Huntington's disease (HD) results from the expansion of a glutamine repeat near the N-terminus of huntingtin (htt). At post-mortem, neurons in the central nervous system of patients have been found to accumulate N-terminal fragments of mutant htt in nuclear and cytoplasmic inclusions. This pathology has been reproduced in transgenic mice expressing the first 171 amino acids of htt with 82 glutamines along with losses of motoric function, hypoactivity and abbreviated life-span. The relative contributions of nuclear versus cytoplasmic mutant htt to the pathogenesis of disease have not been clarified. To examine whether pathogenic processes in the nucleus disproportionately contribute to disease features in vivo, we fused a nuclear localization signal (NLS) derived from atrophin-1 to the N-terminus of an N171-82Q construct. Two lines of mice (lines 8A and 61) that were identified expressed NLS-N171-82Q at comparable levels and developed phenotypes identical to our previously described HD-N171-82Q mice. Western blot and immunohistochemical analyses revealed that NLS-N171-82Q fragments accumulate in nuclear, but not cytoplasmic, compartments. These data suggest that disruption of nuclear processes may account for many of the disease phenotypes displayed in the mouse models generated by expressing mutant N-terminal fragments of htt.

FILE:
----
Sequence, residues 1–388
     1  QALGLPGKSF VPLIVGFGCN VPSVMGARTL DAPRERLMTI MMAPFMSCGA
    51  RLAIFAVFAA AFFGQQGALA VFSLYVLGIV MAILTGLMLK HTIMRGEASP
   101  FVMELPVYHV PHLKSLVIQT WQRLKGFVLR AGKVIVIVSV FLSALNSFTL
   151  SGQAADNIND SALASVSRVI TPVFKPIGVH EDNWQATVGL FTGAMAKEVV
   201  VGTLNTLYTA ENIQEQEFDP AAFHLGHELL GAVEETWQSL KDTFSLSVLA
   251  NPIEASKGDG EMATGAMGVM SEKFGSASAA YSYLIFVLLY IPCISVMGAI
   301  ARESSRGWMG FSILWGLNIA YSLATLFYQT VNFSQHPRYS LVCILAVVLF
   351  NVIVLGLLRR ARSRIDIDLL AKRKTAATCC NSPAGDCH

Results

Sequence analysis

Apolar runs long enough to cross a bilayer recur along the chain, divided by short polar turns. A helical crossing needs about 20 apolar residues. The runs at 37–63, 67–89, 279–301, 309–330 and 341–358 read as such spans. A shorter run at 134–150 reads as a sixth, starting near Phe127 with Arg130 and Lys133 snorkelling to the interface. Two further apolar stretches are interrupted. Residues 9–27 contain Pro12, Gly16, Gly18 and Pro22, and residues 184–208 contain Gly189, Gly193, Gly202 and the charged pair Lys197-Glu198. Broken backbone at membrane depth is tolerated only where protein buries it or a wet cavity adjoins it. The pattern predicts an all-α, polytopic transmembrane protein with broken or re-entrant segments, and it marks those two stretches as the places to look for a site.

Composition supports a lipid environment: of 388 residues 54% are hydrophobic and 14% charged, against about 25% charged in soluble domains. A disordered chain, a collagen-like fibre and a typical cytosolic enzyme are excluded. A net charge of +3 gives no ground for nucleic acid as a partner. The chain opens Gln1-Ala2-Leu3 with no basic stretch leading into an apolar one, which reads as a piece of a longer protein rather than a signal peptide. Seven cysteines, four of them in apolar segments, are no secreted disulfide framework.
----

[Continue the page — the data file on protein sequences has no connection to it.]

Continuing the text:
ASJC Scopus subject areas
- Molecular Biology